Emeralds are most comfortable when doing familiar tasks. They like to engage and help others, as well as feeling like they have a purpose. At a family functions, engage them by asking to help set the table and then clean it up. Choose favorite activities or hobbies of the past, but do not impose time limits for completing each task

Activities at home

Activities around the house can help Emeralds feel involved and provide a sense of normality. Activities such as setting the table, watering plants, and cooking can reflect past hobbies and interests, and can be a good way of retaining skills. Helping in the kitchen can also bring people together, as many experiences revolve around meals: holidays, birthdays, church potlucks, summer barbecues, weddings. Some activities for Emeralds include:

  • Cooking: salads, ice cream, Jell-O, pudding, no-bake cookies and pies, etc.
  • Copying recipes from magazines onto cards
  • Making a grocery list of items needed for recipes
  • Setting the table: Folding or rolling silverware into napkins

 

Ambers

Ambers like to live in moments of time, and are focused on sensation – manipulating, gathering and touching.  They are focused on wants and needs, and sometimes are exploratory without safety awareness. Their communication is limited with difficulty understanding and expressing needs, so activities selected need be familiar and sensory stimulating. Ambers may enjoy sing-alongs or being in visually stimulating outdoor locations.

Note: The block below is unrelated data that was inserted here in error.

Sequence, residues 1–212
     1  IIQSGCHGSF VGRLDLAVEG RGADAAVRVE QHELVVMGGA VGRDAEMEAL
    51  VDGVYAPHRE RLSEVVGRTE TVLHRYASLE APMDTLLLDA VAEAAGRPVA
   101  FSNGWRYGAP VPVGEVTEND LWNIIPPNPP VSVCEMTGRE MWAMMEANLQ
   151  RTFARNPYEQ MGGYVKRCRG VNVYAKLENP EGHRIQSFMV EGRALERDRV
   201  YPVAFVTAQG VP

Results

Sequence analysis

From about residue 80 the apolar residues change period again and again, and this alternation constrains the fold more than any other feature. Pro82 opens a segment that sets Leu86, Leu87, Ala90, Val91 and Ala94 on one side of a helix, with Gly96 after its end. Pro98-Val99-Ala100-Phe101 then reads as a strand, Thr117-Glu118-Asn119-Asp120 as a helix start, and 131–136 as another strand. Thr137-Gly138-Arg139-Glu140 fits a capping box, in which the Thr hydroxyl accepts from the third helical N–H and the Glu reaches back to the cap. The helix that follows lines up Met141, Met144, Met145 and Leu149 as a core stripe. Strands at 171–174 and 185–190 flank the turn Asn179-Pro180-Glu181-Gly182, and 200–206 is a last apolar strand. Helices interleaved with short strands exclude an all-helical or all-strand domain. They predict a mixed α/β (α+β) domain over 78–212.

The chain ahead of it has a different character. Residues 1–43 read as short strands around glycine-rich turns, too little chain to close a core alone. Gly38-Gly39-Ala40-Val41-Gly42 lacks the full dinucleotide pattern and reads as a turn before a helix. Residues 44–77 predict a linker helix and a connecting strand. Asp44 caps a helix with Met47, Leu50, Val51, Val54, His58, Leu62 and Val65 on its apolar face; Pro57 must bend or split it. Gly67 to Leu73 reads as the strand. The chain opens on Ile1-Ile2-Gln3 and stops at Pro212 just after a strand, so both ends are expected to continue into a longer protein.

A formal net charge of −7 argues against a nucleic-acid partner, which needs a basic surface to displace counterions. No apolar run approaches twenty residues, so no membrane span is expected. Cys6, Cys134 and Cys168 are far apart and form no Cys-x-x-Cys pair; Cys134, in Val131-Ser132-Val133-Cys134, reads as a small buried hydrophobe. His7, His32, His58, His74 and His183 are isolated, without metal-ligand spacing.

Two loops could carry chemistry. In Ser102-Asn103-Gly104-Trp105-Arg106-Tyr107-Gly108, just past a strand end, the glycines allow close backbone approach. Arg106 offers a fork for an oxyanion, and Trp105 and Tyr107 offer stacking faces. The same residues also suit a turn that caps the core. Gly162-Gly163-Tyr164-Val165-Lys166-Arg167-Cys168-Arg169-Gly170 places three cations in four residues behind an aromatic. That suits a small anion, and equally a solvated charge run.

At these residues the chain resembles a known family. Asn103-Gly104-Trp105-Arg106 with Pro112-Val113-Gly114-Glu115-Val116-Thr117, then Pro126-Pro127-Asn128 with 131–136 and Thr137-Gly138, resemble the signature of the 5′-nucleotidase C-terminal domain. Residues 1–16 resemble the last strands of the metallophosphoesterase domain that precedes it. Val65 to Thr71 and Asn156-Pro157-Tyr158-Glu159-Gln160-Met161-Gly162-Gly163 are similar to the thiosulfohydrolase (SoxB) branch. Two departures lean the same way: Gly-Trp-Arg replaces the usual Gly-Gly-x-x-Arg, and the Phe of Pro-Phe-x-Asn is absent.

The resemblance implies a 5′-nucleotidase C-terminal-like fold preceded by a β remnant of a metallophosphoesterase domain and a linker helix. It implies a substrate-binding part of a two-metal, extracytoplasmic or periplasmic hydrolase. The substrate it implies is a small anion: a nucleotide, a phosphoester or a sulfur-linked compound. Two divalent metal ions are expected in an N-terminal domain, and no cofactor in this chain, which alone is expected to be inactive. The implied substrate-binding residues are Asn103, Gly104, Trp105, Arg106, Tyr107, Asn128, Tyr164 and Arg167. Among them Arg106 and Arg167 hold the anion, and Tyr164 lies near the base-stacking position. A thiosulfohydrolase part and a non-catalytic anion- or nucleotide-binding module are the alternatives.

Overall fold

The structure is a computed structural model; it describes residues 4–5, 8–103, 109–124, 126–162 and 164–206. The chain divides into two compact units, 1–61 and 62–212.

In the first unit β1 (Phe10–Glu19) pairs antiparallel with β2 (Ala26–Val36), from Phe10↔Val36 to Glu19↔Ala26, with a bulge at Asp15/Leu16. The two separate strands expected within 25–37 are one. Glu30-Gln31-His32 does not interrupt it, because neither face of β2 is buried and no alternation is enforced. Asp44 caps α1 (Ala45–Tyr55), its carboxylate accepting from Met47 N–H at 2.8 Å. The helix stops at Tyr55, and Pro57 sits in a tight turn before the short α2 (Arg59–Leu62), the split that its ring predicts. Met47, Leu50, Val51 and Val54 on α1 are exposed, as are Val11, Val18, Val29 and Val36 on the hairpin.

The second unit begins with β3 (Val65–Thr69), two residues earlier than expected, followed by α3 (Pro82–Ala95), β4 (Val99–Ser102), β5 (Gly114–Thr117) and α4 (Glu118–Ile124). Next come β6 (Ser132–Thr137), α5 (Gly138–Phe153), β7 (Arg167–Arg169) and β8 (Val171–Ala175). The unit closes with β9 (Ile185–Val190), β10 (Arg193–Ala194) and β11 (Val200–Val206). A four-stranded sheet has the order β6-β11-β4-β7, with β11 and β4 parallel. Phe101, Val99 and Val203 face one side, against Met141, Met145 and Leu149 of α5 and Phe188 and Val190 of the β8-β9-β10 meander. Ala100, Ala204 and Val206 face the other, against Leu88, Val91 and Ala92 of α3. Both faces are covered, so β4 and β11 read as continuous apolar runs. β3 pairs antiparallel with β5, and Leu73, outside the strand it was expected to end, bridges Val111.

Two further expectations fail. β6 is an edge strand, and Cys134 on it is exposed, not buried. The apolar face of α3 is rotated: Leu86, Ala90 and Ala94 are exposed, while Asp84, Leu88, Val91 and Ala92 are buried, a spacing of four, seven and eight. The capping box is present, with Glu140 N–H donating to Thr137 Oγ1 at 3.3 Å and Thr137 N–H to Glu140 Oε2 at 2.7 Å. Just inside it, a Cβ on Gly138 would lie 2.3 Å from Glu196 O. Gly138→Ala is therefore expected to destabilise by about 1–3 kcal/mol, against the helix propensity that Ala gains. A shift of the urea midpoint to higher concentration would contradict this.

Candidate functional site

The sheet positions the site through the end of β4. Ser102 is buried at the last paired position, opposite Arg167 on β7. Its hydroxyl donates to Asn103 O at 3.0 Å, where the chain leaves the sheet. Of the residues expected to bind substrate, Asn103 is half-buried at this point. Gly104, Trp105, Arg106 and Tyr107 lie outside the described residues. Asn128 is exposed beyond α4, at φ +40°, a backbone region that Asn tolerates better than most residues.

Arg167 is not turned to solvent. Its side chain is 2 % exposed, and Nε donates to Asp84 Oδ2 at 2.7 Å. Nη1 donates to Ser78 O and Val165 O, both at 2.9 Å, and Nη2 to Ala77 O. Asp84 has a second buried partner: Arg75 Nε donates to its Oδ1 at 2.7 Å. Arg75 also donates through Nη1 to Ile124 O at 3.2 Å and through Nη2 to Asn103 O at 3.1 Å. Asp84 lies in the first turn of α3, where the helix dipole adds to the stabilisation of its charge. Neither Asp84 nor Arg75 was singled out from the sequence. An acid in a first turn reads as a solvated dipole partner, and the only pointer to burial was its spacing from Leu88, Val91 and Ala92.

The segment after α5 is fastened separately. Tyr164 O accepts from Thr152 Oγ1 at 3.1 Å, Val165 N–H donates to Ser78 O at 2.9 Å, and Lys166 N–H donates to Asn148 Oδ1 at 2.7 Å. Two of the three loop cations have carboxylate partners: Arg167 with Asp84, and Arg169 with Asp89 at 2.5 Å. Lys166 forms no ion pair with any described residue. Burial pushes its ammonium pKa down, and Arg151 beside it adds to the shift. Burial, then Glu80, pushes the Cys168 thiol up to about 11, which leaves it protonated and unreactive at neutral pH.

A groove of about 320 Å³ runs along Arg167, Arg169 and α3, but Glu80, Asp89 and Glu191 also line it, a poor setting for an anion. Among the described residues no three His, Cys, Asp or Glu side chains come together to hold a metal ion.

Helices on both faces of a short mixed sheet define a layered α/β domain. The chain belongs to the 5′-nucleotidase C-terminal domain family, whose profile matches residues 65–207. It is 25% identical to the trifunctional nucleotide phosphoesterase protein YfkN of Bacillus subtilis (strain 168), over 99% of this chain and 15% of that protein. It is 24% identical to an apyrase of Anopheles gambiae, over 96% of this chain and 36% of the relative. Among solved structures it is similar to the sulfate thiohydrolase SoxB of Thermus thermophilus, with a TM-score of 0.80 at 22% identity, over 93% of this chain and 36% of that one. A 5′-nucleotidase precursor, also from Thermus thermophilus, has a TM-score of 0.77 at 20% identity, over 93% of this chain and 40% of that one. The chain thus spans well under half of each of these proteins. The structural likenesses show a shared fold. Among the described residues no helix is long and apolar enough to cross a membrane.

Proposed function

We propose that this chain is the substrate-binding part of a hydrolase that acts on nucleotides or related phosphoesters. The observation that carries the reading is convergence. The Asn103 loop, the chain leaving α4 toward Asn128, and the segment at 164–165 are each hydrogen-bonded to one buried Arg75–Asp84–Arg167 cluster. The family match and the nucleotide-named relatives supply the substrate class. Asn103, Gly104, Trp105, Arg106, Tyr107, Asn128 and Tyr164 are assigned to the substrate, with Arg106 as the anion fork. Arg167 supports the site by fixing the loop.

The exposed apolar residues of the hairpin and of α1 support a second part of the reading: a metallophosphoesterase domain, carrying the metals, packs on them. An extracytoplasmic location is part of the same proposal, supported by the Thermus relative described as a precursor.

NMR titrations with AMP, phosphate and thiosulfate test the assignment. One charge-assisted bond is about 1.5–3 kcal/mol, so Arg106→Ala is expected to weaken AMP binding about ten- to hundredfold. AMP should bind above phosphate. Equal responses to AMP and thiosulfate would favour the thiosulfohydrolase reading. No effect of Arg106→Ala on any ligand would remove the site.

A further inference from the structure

Family members find it hard to find new ways “to say hello”.  We need to remember that there are other ways to communicate beyond verbally.  This is the time to start using those our methods.

Some activities for Ambers include:

  • Sorting nails, screws, and other hardware.
  • Organizing nail polish and lipsticks by color and shape.
  • Grouping coins, according to date, value or place of origin.
  • Rearranging the order of the silverware drawer by forks, spoons and knives.
  • Categorizing playing cards into decks or suits that match.

Planning the Day

  • Make a schedule and follow it: be structured but allow flexibility.
  • Offer a variety of activities everyday: leisure, work, rest, and self-care.
  • Create a flow for the day: build up and then slow down.
  • Build a foundation of familiar and favorite activities.

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NursePartners is committed to providing uncompromised care to those living with a diagnosis of dementia. Our carepartners are trained in the Positive Approach to Alzheimer’s and Dementia Care (GEMS™) and work with families to enable safety, comfort, and happiness through home-care services.